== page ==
paulp at ActiveState.com
Tue Jul 31 14:39:53 CEST 2001
The Python world has lost a great friend in Frank Willison. Frank died
yesterday of a massive heart attack.
I've searched in vain for a biography of Frank for those that didn't
know him but perhaps he was too modest to put his biography on the Web.
Suffice to say that before there were 30 or 10 or 5 Python books, before
acquisitions editors started cold-calling Python programmers, Frank had
a sense that this little language could become something.
In Frank's words:
"This is my third Python Conference. At the first one, a loyal 70 or so
Python loyalists debated potential new features of the language. At the
second, 120 or so Python programmers split their time between a review
of language features and the discussion of interesting Python
At this conference, the third, we moved onto a completely different
level. Presentations and demonstrations at this conference of nearly 250
attendees have covered applications built on Python. Companies are
demonstrating their Python-based products. There is venture capital
here. There are people here because they want to learn about Python.
This year, mark my words: Python is here to stay."
The O'Reilly books that Frank edited helped to give Python the
legitimacy it needed to get over the hump. I carefully put in the word
"helped" because Frank requires honesty and modesty:
"O'Reilly doesn't legitimize. If we did, lots of technology creators who
enjoy their status as bastards would shun us. We try to find the
technologies that are interesting and powerful, that solve the problems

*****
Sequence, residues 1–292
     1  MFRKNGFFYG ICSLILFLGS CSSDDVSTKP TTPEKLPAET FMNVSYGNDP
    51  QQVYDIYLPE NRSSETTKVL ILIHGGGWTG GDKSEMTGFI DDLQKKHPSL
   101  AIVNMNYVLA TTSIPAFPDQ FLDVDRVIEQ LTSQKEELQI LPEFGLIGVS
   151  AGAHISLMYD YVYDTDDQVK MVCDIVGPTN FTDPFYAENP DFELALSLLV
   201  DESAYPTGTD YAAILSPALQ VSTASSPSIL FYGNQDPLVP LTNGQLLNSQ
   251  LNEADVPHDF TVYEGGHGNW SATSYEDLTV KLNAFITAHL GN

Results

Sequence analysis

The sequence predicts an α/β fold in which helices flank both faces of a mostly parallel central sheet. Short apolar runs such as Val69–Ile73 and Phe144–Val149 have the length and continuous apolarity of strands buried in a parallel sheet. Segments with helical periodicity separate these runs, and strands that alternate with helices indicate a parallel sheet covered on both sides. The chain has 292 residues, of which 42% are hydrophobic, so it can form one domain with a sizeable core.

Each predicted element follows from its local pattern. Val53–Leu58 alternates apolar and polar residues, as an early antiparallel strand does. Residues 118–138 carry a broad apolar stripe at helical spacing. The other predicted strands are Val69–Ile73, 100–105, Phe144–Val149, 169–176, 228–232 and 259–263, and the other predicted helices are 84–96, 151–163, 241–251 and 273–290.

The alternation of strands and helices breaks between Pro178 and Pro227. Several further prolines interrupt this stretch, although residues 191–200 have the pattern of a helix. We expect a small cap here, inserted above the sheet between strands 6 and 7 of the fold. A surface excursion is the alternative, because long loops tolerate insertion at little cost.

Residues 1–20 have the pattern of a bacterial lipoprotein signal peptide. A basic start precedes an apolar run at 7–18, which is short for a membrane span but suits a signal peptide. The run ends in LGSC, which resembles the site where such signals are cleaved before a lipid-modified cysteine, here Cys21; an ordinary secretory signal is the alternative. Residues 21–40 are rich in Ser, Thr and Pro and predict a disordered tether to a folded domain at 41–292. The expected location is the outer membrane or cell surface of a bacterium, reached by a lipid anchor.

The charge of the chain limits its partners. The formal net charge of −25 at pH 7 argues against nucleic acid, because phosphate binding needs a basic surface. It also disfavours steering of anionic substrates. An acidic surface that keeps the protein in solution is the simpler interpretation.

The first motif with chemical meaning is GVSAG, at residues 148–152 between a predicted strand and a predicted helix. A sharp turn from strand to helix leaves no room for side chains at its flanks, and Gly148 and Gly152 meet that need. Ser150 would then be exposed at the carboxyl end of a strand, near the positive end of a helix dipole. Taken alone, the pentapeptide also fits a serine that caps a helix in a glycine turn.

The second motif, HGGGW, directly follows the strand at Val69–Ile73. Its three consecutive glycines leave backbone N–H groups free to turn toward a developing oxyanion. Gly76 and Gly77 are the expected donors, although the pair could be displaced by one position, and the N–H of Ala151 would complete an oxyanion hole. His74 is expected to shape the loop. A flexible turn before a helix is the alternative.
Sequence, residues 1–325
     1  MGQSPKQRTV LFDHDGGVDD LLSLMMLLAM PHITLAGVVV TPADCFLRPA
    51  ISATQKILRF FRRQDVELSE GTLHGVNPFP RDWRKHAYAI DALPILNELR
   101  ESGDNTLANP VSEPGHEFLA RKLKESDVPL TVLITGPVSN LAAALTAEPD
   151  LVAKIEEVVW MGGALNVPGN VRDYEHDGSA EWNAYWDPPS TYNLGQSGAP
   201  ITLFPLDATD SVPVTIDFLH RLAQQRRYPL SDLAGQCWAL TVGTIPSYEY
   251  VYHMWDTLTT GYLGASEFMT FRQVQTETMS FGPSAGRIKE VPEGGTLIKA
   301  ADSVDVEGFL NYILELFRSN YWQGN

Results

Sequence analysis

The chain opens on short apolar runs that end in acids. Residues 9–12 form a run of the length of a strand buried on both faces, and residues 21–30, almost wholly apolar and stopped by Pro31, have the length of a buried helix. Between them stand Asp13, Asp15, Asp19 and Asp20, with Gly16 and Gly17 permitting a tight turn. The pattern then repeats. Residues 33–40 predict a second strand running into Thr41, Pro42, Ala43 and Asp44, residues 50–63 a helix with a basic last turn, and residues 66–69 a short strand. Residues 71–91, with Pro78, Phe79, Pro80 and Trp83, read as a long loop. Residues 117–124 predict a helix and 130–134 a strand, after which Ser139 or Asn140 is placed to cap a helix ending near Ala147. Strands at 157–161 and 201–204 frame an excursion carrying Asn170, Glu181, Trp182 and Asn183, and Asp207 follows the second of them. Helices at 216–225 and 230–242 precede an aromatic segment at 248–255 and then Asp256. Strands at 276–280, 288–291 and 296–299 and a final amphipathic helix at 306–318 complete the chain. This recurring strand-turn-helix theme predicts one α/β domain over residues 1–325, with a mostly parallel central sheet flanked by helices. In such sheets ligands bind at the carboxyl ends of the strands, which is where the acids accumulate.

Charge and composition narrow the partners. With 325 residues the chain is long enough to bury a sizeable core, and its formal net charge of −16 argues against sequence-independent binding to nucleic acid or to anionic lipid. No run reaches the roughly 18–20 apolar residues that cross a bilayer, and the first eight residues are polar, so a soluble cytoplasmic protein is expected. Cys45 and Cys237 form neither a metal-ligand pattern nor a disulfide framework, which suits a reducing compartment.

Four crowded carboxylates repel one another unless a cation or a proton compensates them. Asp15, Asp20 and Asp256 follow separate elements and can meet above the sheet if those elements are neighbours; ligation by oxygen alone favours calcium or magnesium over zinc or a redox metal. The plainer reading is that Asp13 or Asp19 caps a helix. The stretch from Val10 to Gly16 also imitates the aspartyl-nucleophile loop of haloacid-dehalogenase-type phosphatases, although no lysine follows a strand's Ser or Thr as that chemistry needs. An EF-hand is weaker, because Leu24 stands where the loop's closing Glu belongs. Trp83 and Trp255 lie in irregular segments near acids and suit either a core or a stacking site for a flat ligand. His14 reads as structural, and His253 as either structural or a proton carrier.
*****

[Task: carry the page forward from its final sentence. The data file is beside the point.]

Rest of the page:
people really have. Then we take pleasure in publishing an interesting
book on that subject.
I'd like to put another issue to rest: the Camel book did not legitimize
Perl. It may have accelerated Perl's adoption by making information
about Perl more readily available. But the truth is that Perl would have
succeeded without an O'Reilly book (as would Python and Zope), and that
we're very pleased to have been smart enough to recognize Perl's
potential before other publishers did."
Frank was also a Perl guy. He was big enough for both worlds. To me he
was a Perl guy but *the* Python guy. Frank was the guy who got Python
books into print. He and his protege Laura Llewin were constantly on the
lookout for opportunities to write about Python.
Much more important than anything he did with or for Python: Frank was a
really great guy with an excellent sense of humor and a way of
connecting with people. I know all of that after only meeting him two or
three times because it was just so obvious what kind of person he was
that it didn't take you any time to figure it out.
You can find more of Frank's writings here:
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